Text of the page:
Lab Diamonds VS Earth Diamonds
What is a Lab Diamond?

It’s important to note that both lab-grown and earth-grown diamonds are real diamonds, they are visually and chemically the same. The only differences between the two are how they were created, and lab diamonds have their own serial number laser printed on. This number is not visible to the naked eye.

Lab-grown diamonds are an excellent alternative to earth-grown diamonds for the following reasons:
Ethical Sourcing: Eliminates concerns related to conflict or “blood” diamonds.
Environmental Sustainability: Low environmental footprint, with controlled production using fewer resources.
Cost-Effective: More affordable than earth grown diamonds, offering higher quality at a lower cost.
Size and Carat Weight:
Lab-grown diamonds can be produced in larger sizes more consistently than earth-grown diamonds. This is because the growth of lab diamonds is not constrained by the limitations of natural formations.
Transparency: Clear traceability, providing consumers with information about origin and production. (If stolen, each Lab Diamond has its own serial number, making them traceable)

The Process

The process begins with a small diamond seed crystal, which is often a tiny piece of an existing diamond.
This seed crystal will serve as the foundation for the growth of the new diamond. The two methods used to grow a lab diamond are High-Pressure, High-Temperature (HPHT) Method or Chemical Vapour Deposition (CVD):
HPHT Method: In this method, the seed crystal is placed in a press that simulates the high-pressure and high-temperature conditions found in the Earth’s mantle.
Under intense pressure and heat, carbon atoms in the surrounding material start attaching to the seed crystal and crystallising, forming a larger diamond.
CVD Method: In this method, a small amount of carbon-rich gas (like methane) is introduced into a chamber.
The gas is then ionised using microwaves, creating a plasma. The carbon atoms from the plasma bond together, layer by layer, on the seed crystal, gradually forming a diamond.
Diamond Growth:
The timeframe for growing a 1-carat diamond depends on whether it’s natural or lab-grown:
Natural Diamonds:
These take a significantly longer time due to the intense pressure and heat required for natural formation. Estimates range from 1 to 3.3 billion years!
Lab-Grown Diamonds:
generally take 3 weeks to 1 month per carat to grow.
Other factors can influence the time, such as:
Desired size and color: Larger and rarer colors take longer.
Production technology: Newer equipment might be faster.
Number of diamonds grown simultaneously: Growing multiple at once can be efficient.
The controlled environment allows for the manipulation of conditions, resulting in the formation of high-quality diamonds with fewer impurities.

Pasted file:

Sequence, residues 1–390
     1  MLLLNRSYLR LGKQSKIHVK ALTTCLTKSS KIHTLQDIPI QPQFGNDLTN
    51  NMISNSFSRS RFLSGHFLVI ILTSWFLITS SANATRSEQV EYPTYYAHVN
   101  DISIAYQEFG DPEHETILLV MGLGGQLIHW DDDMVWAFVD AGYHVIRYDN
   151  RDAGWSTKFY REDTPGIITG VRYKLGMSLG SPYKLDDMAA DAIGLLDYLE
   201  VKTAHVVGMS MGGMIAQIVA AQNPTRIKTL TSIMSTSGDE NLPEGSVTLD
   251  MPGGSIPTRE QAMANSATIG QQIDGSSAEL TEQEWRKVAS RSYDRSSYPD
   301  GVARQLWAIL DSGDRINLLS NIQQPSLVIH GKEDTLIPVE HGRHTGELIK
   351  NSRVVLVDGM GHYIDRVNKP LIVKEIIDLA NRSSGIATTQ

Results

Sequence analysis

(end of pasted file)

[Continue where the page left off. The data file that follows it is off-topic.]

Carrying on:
Cooling and Diamond Extraction:
Once the diamond reaches the desired size, the high pressure and high temperature are gradually reduced.
The diamond is then carefully extracted from the growth chamber.
Cutting and Polishing:
The rough diamond obtained from the growth process is cut and polished using traditional diamond cutting techniques.
This step enhances the diamond’s brilliance and reveals its final shape.
Grading and Certification:
The lab-grown diamond is then subjected to the same rigorous grading standards as mined diamonds.
Organisations like the Gemological Institute of America (GIA) provide certifications based on the diamond’s cut, color, clarity, and carat weight.
Benefits of Lab-Grown Diamonds:
Ethical and Environmental Considerations: Lab-grown diamonds are often considered more ethical and environmentally friendly because they are produced in controlled environments, reducing the environmental impact associated with traditional diamond mining.
Cost: Lab-grown diamonds are almost always more cost-effective compared to earth diamonds.

A deeper Dive into the different Machines

Though both CVD and HPHT diamonds boast the same brilliance and durability as their natural counterparts, subtle variations exist:
Chemical Vapour Deposition (CVD): Typically takes around a month for a 1-carat diamond.
High-Pressure High-Temperature (HPHT): Usually takes 2-3 weeks for a 1-carat diamond.
The difference in the results between the two techniques are small, but important.
HPHT: Often shines with exceptional color grades (D-F, nearly colorless), making it ideal for those seeking pristine white diamonds.
CVD: While still achieving high color grades, it might have a slight tendency towards faint brownish or grayish hues.
CVD: Frequently boasts exceptional clarity grades (FL, VVS1) due to fewer internal inclusions, resulting in flawless beauty.
HPHT: May contain more minor inclusions due to the intense pressure involved, though these are often microscopic and invisible to the naked eye.
Growth Pattern:
HPHT: Forms diamonds resembling a cub-octahedron, a unique 14-sided shape.
CVD: Typically grows cube-like diamonds, offering a distinct geometric charm.
CVD: Currently, it might be slightly more expensive for comparable quality due to its newer technology and potential for exceptional clarity.
HPHT: Generally more cost-effective for smaller diamonds and certain color ranges, making it a budget-conscious choice.
Environmental Impact:
CVD: Considered more environmentally friendly due to lower energy consumption and a smaller carbon footprint compared to HPHT’s demanding pressure and temperature requirements.
Choosing Your Diamond: